"Drinking and driving continues to be one of Ontario’s most significant road safety issues. During the past decade, more than 2,000 lives have been lost and more than 50,000 people have sustained injuries in collisions involving a drinking driver.

Drinking and driving hurts everyone - through deaths, injuries and personal tragedies. It also hurts our economy through added costs for health care, emergency response and property damage. The financial cost to society of drinking and driving is estimated to be at least $3 billion annually.

While Ontario has come a long way, impaired driving remains a serious problem:

Every year, about 17,000 drivers are convicted of Criminal Code of Canada offences (including impaired driving, driving with a blood alcohol concentration of more than 0.08, criminal negligence causing bodily harm or death, manslaughter, dangerous driving and failure to remain at the scene of a collision). It is estimated that approximately three quarters of those convictions are related to drinking and driving.
Impaired drivers are involved in thousands of traffic collisions every year.

Drunk driving accounts for almost 25% of all fatalities on Ontario’s roads.

About 17,000 impaired driving incidents were reported by police in Ontario in 2005. In the same year, 174 people were killed and 3,852 were injured in motor vehicle collisions involving a drinking driver."


Stan Bleszynski said...

Great news, I can now buy milk from my neigbour! 8-:)

Hendrickus Brokking said...

Legally! No more black marketeering for cream literally fresh, and unadulterated by both homogenization procedures of questionable safety, and esoteric thickeners and extenders...

Hendrickus Brokking said...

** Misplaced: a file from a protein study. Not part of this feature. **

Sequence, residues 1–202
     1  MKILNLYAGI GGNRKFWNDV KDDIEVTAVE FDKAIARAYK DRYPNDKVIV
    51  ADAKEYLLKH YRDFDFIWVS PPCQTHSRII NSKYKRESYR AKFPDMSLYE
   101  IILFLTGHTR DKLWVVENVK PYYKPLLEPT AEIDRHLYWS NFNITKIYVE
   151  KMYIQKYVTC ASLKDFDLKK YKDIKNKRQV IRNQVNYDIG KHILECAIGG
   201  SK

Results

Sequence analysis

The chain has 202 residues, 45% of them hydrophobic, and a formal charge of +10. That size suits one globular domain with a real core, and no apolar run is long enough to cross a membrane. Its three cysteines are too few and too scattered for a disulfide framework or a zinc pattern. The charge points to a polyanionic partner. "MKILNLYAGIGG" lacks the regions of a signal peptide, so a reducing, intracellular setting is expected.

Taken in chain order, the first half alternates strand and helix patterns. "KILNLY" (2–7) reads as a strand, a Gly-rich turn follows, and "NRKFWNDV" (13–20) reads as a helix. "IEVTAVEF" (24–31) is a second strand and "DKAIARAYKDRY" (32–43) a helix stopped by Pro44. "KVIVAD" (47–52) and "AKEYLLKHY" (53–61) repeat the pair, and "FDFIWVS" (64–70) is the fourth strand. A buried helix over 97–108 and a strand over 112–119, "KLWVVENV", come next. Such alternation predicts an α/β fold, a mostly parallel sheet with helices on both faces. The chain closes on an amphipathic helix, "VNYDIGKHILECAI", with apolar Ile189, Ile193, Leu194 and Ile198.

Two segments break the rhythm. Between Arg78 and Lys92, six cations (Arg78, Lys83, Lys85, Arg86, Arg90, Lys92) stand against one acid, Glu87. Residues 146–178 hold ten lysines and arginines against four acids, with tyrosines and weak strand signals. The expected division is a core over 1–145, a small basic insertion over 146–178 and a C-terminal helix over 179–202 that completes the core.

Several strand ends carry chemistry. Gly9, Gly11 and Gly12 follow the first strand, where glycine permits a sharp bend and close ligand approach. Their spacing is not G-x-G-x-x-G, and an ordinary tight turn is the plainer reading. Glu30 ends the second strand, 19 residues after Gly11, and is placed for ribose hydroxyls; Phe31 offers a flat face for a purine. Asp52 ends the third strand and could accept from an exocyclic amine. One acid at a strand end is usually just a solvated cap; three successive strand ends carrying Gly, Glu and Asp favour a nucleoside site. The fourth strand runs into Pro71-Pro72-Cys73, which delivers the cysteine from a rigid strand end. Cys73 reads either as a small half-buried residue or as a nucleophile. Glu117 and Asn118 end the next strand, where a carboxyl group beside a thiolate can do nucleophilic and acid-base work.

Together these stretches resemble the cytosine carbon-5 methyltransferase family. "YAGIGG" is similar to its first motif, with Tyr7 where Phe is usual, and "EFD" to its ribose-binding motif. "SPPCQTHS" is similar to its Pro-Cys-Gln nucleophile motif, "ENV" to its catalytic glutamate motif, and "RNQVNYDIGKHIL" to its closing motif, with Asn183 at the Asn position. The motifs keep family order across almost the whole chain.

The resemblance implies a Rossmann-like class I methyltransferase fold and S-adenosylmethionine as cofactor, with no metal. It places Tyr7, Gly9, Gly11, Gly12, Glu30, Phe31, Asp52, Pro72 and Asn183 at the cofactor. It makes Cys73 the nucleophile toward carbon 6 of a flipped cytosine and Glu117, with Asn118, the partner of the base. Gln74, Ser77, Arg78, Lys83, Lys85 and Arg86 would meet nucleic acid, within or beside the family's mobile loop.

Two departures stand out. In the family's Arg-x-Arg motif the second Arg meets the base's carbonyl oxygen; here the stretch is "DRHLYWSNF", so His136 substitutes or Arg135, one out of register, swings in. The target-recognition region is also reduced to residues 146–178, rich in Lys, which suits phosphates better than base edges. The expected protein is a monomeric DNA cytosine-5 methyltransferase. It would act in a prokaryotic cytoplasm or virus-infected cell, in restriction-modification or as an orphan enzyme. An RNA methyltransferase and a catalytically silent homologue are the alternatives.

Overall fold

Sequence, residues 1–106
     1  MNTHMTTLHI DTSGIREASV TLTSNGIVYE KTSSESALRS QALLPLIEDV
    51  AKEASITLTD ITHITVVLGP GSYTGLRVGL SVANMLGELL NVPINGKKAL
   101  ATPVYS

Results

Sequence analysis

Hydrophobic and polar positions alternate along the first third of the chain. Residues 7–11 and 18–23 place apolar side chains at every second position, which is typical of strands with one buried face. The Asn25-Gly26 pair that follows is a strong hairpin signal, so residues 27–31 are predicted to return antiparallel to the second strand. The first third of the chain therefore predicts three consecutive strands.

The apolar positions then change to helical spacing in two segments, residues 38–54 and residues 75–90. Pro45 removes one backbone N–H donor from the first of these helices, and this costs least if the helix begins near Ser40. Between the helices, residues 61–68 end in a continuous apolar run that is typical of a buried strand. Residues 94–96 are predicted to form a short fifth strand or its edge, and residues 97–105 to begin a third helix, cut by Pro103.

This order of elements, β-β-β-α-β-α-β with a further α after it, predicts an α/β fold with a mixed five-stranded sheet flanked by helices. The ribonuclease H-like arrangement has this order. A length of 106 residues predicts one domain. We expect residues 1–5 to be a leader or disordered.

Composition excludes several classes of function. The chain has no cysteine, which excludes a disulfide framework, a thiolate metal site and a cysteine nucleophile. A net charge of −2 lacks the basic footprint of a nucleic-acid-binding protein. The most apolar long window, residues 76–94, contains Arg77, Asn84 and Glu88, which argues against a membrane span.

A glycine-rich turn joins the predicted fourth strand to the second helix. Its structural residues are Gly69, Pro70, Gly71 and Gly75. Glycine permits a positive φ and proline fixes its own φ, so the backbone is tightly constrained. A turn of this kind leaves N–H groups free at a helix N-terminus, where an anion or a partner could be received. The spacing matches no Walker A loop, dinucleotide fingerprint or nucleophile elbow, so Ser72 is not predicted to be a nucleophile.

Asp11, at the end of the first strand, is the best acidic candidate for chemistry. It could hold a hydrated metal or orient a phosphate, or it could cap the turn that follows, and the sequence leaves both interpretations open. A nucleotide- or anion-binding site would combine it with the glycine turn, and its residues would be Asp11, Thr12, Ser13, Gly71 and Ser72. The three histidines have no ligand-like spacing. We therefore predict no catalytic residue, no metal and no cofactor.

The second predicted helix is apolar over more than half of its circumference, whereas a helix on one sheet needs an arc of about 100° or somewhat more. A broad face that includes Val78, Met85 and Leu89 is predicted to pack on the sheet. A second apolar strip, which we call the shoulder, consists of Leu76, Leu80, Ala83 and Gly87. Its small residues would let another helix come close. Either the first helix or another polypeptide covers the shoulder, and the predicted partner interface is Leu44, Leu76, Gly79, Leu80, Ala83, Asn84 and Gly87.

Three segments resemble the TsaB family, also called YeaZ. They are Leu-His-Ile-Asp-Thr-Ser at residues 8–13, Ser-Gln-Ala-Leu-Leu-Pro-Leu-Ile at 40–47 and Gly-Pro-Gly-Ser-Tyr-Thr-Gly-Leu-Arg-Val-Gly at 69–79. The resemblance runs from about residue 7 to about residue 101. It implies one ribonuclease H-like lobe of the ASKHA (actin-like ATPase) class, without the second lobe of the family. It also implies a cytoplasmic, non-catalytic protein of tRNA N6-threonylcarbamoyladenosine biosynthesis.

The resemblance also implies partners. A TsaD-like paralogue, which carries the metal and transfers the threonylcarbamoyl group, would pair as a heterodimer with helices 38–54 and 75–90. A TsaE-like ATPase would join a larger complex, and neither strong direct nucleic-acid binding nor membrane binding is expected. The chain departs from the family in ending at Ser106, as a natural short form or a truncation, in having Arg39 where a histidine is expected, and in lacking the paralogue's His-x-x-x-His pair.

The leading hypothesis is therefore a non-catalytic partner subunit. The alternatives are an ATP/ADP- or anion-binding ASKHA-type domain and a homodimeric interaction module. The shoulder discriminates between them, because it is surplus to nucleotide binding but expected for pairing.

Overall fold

Hi, Stan:

Sorry for inundating your blog thus, but a revision to my first comment, submitted in haste, is immediately indicated.

I wrote: "...All dairy farmers had better abstain from both drinking and smoking, and take to regular exercise, at the very least."

Revision (in block letters): "...All dairy farmers WHO OBJECT TO THE SALE OF RAW MILK IN THE INTEREST OF PROTECTING THE HEALTH OF ONTARIANS had better abstain...".

I doubt not that the spokesperson for the Dairy Farmers of Ontario, Bill Mitchell, was not accurately reflecting the views of all dairy farmers when he said, "At this point, my expectation would be that the Ontario government would appeal the decision and defend the legislation and take all steps necessary to protect public health." Mr Mitchell might be surprised to learn how many farmers would be willing to sell raw milk if not for the legislation: I've made numerous inquiries over the years for raw milk, and very few farmers whom I have approached abstain from drinking raw milk from their own herd, and fewer still seem to put much stock in the notion that the consumption of fresh raw milk extracted under sanitary conditions from healthy animals is a threat to human health, even to those persons not previously exposed to it.